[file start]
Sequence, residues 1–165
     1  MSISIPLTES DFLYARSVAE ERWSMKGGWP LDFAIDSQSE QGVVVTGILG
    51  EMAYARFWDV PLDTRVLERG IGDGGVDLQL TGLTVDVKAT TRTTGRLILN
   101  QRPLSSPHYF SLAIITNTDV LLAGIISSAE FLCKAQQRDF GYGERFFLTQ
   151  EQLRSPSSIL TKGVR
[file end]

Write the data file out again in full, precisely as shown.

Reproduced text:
Sequence, residues 1–165
     1  MSISIPLTES DFLYARSVAE ERWSMKGGWP LDFAIDSQSE QGVVVTGILG
    51  EMAYARFWDV PLDTRVLERG IGDGGVDLQL TGLTVDVKAT TRTTGRLILN
   101  QRPLSSPHYF SLAIITNTDV LLAGIISSAE FLCKAQQRDF GYGERFFLTQ
   151  EQLRSPSSIL TKGVR